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A Shaking Memory

August 13, 2017

On January 17th, 1994, at 4:31 AM, a magnitude 6.7 earthquake hit the Northridge area in the northern part of the San Fernando Valley. At the time, I was living in a house in Valley Village, at the southernmost end of the valley. The Hollywood Hills were behind my house, about 10 streets away, and, on the other side of those hills was the big Hollywood sign.

 

Why do these things always happen in the middle of the night?

 

My dogs, who were usually heavier sleepers than me, started howling and barking and jumping on the bed. I woke, confused, in the dark, trying to understand what had them so upset. I remember so clearly the incredible, loud noise that surrounded us. I was terrified that a plane was coming down on top of us, it sounded that loud.

 

And then it hit.

 

The violent shaking was horrendous. Instead of a back and forth motion, it was more up and down. I tried desperately to get out of my bed but couldn’t because the ground kept falling away from me. Finally, on the third try I jumped just as the ground was coming up and I was launched across the room into a window. Thankfully, it did not shatter. Turning around something slammed hard into my chest, and, it was the TV that had been sitting on the bureau.

 

Dropping that, I ran out of the room as things were still shaking. In a matter of seconds, I had managed to get my fire extinguisher and all three dogs out of the front door.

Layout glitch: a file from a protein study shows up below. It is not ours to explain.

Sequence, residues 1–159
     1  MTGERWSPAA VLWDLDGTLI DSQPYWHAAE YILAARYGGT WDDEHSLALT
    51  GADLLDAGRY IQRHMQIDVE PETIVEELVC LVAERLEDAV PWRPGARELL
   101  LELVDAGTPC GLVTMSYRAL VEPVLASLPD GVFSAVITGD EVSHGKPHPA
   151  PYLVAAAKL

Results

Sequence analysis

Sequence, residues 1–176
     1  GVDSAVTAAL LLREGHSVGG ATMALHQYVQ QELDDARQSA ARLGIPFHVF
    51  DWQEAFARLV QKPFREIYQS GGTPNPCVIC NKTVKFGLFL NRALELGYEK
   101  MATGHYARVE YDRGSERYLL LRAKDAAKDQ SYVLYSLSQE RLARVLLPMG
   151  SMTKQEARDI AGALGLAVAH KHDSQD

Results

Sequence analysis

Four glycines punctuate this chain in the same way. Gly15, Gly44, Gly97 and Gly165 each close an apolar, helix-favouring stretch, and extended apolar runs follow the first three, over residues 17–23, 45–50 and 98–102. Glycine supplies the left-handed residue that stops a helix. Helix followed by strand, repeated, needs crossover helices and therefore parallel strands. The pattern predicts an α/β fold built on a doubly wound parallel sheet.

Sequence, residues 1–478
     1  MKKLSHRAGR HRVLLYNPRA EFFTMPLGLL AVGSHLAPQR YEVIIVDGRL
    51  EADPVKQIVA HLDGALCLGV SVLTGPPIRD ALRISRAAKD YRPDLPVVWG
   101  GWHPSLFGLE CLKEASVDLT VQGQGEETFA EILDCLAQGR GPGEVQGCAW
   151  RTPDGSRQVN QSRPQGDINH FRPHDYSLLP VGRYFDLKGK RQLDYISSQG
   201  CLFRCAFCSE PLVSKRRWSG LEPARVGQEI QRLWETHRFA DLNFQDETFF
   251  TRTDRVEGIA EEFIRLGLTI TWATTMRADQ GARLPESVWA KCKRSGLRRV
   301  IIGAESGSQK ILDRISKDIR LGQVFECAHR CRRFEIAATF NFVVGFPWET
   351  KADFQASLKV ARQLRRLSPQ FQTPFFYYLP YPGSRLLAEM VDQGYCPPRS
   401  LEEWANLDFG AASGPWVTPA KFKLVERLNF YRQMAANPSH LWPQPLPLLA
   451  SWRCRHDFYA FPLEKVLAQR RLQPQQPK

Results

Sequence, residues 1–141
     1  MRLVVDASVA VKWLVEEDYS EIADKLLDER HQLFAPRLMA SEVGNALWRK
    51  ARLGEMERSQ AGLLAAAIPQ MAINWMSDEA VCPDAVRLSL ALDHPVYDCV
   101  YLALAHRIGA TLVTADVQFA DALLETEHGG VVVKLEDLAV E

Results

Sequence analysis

It really isn’t the best idea, to try and run out of a house held in the shaking fist of a major earthquake, but, I didn’t want to be buried alive in case it collapsed. The horrendous noise was deafening me, and, I learned later that it was all of the cars shaking, windows smashing, pools emptying, transformers exploding, and miles and miles of asphalt between me and the epicenter 7 miles away that created the cacophony.

 

As I stood there, in the dark, grasping my fire extinguisher to my chest with 3 shaking dogs pressed tightly up against my legs my neighbor from next door came flying into the courtyard.

 

“OK good, you made it out! You OK?”

 

I mumbled yes, finding it too difficult to find my voice, so just kept nodding my head up and down.

A second later, he had looked up and said.

 

“Wow, look at all of the stars.”

 

I looked up as well and they were all there. Billions and billions of them, an endless carpet of crystals strewn across the sky. Seeing them was actually a remarkable thing in Los Angeles, because, there was so much light projecting up from the city at night that they were always blotted out.

 

My neighbor and I looked at each other, and, realized at the same time that power must be out everywhere.

As the quake died down, and, the deafening noise dissipated to a whisper we both wondered, was the city still standing?

 

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